Living in Los Angeles, I’ve seen a LOT of this. Photo courtesy of yournewswire.com
MY TAKE ON WHAT IS ARGUABLY AMERICA’S BIGGEST ISSUE
I’ve never seen it this bad – and I’ve lived in the greater Los Angeles area, widely considered the homeless capital of these United States, for over forty years.
I vividly remember Santa Monica, where I lived for 22 years, having an influx of homeless people, or “Transients”, as they were called, during my formative years in the 1980s and beyond.
This was especially the case in Palisades Park, located on the bluffs overlooking the ocean, where I remember it being Skid Row West with all of the tents put up there.
I would get asked variations of “Spare some change?” quite a bit at Third Street Promenade in particular, the outdoor shopping mall just a few blocks from Palisades Park where I worked at a luggage store during the early 1990s and spent various amounts of time outside of that.
The issue had reached a point where dolphin statues with slots where you can deposit change – which would go to programs and services to help the homeless – were put up all over that promenade.
I made it a point to put in at least a dollar at least once a visit, sometimes I put in five dollars, because by doing so I knew my money would be guaranteed to, as a public service announcement that was shown in the movie theaters stated, “Make your change help, not hurt.”
I reckon I put in roughly $150 in those dolphin statues during those years.
As I said, I never thought the homeless situation would be worse that what I saw in Santa Monica in the 80s and 90s – until the past few years as pretty much everywhere I go in L.A. now, I see rows of tents and RVs, folks lying on bus benches, sidewalks, and anywhere else they can, villages of homeless people (called “Hoovervilles” after then-President Herbert Hoover during the Depression in the 1930s) along rivers, and simply more of the unfortunate, to the tune of nearly 60,000 in Los Angeles County alone.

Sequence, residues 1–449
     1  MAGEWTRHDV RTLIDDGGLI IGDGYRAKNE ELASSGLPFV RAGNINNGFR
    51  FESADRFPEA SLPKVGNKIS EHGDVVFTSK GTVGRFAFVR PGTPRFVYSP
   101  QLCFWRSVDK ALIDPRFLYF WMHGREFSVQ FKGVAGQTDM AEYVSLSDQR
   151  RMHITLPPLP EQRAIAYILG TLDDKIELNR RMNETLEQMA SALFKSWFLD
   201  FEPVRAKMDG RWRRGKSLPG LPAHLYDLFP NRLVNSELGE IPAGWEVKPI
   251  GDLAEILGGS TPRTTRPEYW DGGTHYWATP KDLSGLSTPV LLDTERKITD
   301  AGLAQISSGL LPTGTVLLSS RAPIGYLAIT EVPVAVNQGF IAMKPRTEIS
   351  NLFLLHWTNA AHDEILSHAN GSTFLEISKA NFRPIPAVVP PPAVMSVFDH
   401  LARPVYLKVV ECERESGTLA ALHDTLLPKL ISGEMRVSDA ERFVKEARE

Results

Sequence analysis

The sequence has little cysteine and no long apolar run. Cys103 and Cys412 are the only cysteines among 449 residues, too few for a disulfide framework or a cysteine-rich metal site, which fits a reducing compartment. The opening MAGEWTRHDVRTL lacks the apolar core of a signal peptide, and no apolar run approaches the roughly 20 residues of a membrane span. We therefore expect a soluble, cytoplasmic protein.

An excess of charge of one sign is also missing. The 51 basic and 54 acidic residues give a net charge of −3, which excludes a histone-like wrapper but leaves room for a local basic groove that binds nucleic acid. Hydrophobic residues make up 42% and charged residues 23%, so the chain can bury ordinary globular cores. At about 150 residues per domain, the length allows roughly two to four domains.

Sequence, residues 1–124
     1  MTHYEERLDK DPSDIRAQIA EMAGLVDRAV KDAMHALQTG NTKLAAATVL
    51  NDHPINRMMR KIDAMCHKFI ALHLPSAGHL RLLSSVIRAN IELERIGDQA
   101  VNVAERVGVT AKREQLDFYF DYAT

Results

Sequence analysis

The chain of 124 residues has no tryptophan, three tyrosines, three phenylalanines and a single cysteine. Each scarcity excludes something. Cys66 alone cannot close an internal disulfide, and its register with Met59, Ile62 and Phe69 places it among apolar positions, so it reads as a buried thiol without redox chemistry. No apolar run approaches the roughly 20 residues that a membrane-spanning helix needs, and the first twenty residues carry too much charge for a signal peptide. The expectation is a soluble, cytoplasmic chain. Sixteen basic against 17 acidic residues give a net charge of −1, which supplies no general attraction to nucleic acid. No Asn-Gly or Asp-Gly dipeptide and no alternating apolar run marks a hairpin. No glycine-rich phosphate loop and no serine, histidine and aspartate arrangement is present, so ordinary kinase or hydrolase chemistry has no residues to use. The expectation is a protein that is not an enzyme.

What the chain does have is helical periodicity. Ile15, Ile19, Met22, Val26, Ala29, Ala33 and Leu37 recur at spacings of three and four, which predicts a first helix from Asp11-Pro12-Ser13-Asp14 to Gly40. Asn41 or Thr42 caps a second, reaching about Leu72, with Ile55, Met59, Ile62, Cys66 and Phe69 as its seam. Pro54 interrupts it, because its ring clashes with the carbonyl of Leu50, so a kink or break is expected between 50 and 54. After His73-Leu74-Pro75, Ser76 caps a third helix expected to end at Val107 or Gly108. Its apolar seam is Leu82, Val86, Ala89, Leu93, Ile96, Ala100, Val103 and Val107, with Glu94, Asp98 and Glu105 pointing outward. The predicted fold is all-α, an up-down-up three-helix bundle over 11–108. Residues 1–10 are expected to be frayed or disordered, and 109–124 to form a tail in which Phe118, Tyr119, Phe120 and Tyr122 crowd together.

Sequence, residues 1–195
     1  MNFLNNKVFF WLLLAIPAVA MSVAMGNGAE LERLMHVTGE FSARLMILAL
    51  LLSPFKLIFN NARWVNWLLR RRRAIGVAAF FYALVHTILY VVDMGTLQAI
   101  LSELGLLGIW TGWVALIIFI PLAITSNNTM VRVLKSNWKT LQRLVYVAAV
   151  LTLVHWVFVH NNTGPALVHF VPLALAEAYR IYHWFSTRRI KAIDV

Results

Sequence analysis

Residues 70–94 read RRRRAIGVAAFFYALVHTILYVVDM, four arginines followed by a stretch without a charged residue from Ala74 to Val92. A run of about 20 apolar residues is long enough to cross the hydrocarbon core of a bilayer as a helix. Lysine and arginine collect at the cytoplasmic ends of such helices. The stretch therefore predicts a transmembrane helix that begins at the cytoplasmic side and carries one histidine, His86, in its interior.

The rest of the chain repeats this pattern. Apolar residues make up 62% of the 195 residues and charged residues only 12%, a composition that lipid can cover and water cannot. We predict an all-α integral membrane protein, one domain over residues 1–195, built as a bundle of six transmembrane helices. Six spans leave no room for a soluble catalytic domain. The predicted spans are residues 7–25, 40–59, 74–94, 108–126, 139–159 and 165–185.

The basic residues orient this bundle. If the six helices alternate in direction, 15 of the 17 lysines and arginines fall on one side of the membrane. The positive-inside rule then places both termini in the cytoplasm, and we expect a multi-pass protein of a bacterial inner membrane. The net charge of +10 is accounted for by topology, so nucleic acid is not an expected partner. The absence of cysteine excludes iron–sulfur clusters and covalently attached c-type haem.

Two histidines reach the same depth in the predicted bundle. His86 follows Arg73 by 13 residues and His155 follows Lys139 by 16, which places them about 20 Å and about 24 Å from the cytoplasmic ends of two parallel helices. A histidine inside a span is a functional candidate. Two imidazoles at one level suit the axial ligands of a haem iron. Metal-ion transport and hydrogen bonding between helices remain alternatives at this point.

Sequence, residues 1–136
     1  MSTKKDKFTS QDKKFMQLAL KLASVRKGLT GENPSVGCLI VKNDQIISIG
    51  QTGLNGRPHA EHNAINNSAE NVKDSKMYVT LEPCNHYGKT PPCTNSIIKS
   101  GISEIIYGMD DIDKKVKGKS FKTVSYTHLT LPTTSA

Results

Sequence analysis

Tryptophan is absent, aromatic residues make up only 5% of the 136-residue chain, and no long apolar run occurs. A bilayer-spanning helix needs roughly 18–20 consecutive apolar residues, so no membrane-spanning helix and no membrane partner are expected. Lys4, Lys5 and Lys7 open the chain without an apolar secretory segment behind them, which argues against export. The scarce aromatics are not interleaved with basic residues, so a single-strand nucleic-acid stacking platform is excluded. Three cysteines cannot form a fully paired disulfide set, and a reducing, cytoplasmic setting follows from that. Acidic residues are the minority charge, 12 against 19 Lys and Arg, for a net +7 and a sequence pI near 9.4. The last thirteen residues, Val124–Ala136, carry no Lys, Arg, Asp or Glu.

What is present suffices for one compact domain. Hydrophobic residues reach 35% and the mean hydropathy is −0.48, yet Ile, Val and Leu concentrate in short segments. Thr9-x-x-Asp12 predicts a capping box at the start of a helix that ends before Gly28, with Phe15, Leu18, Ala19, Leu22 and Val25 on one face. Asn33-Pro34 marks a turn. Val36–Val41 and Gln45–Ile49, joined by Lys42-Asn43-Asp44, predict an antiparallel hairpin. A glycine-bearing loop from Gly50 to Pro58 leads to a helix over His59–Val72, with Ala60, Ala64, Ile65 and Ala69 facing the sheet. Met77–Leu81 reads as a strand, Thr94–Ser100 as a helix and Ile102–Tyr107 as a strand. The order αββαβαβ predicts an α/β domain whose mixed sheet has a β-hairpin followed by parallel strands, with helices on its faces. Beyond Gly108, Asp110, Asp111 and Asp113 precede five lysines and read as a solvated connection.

As opposed to when I first moved to my current town of Culver City twenty years ago, I’ve even seen an influx of the homeless there, particularly in the library down the street from my house, where I’ve seen a couple of tents parked against a side wall next to Ballona Creek.
And of course I’ve not only donated money to organizations like the Salvation Army, I’ve (especially lately) bought food for those who asked me for spare change, because then I would know that my charity would do some good, rather than wonder if the change I gave to them would be spent on drugs, alcohol and/or cigarettes.
This largesse was mentioned in a piece I did on this blog almost exactly a year ago, which described what worked best for me as far as helping panhandlers; here’s the link to that post:
A very common sight in the greater Los Angeles area. Photo courtesy of scpr.org
After watching news reports and reading multiple-part series on the homeless, notably in the Los Angeles Times; how they got that way and the struggles that they constantly endure, I came to this conclusion at what I feel is the heart and root of this terrible issue.